Their argument, of course, will be that you are the delusional one because you can’t see what’s so obvious to them.

That’s how it is with cognitive dissonance. Think about it. If you’ve believed something all your life — say, that the earth is flat — no amount of facts, like pictures from space, could change your mind, especially if you associate with like-minded people. To change your mind would mean admitting you were wrong, and that’s just way too difficult for an awful lot of people. And besides, all those pictures were faked.

The only solution is to peel back the delusion one step at a time, the way it formed in the first place. And that’s not a quick process, leaving us in much the same place as all those historical cultures who failed to heed the truth in time to save themselves.

It’s no wonder we want to scream and shout, grab those delusional souls by the shoulders and shaken some sense into them.

But it won’t work.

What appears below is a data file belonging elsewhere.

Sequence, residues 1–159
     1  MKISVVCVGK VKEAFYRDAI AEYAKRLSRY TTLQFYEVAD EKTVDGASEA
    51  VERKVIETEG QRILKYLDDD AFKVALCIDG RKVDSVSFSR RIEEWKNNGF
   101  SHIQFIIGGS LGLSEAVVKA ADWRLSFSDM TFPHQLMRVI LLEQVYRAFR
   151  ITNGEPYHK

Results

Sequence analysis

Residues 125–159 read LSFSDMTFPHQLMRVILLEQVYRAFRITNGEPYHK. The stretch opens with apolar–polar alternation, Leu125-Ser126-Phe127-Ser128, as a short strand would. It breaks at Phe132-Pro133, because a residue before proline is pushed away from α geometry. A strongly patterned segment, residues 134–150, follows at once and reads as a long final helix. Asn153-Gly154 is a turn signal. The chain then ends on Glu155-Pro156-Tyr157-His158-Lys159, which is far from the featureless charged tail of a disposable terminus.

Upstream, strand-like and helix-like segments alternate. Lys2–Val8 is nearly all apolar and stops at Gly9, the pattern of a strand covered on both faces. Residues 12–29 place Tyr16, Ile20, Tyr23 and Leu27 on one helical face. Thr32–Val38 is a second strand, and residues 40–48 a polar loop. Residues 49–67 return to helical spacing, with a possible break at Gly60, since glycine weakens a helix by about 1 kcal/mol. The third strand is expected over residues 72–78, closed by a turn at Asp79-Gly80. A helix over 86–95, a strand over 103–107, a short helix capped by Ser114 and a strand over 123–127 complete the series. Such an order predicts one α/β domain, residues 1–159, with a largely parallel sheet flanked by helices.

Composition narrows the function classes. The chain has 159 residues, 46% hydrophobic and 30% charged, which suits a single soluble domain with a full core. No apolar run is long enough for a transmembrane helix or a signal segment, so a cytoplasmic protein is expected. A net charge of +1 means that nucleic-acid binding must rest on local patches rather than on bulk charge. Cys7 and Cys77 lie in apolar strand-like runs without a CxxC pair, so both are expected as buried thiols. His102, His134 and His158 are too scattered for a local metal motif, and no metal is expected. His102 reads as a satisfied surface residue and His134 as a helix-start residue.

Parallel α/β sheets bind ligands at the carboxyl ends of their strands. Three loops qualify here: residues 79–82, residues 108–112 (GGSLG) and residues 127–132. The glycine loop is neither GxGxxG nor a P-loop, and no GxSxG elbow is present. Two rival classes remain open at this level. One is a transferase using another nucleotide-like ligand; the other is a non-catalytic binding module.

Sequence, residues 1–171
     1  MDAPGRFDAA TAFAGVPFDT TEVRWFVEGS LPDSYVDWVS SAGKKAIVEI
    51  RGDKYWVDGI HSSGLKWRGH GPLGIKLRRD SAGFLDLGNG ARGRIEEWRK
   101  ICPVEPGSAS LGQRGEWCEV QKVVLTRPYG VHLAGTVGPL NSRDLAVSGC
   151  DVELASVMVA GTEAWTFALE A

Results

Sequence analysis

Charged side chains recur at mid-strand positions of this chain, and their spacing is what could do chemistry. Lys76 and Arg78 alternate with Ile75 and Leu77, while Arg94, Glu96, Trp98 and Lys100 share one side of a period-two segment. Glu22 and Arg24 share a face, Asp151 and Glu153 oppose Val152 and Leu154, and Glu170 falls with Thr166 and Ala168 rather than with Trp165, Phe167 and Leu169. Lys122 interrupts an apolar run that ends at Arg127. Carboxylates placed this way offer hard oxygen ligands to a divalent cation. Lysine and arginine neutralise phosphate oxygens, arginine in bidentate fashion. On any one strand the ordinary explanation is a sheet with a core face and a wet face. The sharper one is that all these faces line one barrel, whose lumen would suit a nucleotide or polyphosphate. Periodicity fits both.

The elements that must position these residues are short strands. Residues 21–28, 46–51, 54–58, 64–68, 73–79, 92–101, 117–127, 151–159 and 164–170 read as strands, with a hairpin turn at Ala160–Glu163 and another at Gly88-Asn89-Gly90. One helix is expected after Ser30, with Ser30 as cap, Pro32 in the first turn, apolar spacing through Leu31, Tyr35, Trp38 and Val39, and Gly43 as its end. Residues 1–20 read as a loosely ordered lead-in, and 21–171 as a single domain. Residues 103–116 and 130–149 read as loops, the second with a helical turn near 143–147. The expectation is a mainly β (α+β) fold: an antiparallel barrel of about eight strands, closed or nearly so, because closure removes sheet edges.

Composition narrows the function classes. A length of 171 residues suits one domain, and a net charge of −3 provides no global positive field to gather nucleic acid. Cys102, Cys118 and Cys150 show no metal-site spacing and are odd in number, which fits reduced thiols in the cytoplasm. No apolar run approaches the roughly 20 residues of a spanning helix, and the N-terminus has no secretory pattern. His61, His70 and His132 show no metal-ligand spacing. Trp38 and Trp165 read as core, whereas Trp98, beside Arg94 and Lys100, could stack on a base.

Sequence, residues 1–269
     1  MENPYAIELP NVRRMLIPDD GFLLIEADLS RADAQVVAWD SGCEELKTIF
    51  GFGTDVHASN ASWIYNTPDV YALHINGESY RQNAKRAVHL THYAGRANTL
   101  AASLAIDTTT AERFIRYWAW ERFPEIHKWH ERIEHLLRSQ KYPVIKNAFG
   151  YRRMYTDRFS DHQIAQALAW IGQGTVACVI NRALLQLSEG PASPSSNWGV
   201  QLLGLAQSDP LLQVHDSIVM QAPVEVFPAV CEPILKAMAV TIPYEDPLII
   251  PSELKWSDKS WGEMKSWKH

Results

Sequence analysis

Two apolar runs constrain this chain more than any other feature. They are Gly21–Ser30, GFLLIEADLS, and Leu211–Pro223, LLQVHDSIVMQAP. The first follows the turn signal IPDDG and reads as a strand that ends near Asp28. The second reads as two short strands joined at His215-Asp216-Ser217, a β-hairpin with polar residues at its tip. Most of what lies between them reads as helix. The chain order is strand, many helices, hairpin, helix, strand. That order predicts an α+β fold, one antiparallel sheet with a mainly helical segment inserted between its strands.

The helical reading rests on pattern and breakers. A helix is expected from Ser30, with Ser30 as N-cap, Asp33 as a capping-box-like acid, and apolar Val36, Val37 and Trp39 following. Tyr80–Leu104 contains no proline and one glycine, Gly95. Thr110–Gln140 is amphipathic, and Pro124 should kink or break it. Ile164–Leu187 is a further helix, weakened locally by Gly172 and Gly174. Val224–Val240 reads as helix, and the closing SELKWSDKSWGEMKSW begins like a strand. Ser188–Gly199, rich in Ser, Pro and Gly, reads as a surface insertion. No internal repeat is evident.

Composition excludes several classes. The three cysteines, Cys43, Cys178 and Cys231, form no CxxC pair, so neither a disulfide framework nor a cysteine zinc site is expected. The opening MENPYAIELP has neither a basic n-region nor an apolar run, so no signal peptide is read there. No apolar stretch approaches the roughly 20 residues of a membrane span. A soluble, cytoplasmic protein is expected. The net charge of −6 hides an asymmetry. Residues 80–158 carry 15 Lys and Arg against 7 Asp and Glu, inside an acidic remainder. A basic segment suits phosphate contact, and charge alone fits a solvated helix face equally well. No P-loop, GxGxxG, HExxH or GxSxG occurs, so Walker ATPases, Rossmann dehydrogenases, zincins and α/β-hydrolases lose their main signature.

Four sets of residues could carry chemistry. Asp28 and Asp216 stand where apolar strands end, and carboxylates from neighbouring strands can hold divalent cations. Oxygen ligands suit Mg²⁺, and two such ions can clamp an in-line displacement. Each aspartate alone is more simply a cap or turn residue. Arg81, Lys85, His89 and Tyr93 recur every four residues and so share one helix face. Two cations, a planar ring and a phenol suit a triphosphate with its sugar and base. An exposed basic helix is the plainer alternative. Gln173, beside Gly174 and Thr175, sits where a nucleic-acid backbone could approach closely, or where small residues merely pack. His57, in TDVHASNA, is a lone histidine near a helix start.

The only thing that will is a calm, centered approach, a patience that speaks of the endless time we don’t have and our own certainty that a spoiled Gulf of Mexico is a disaster is not a delusion, that tax breaks for the rich never help anyone but the rich, that educating our children is the best and only way to ensure our culture’s longevity.

And that each and every human being deserves the same rights, regardless of the color of their skin, whom they choose to love or whether or how they choose to believe.

These are not delusions. They are the core of who we are, all of us. Even the truly delusional.

But as the people of Strasbourg and Salem learned, mass delusion is a killer, and if the rest of us have learned anything from the long history of this earth, it’s that delusions must be neutralized or we must start again.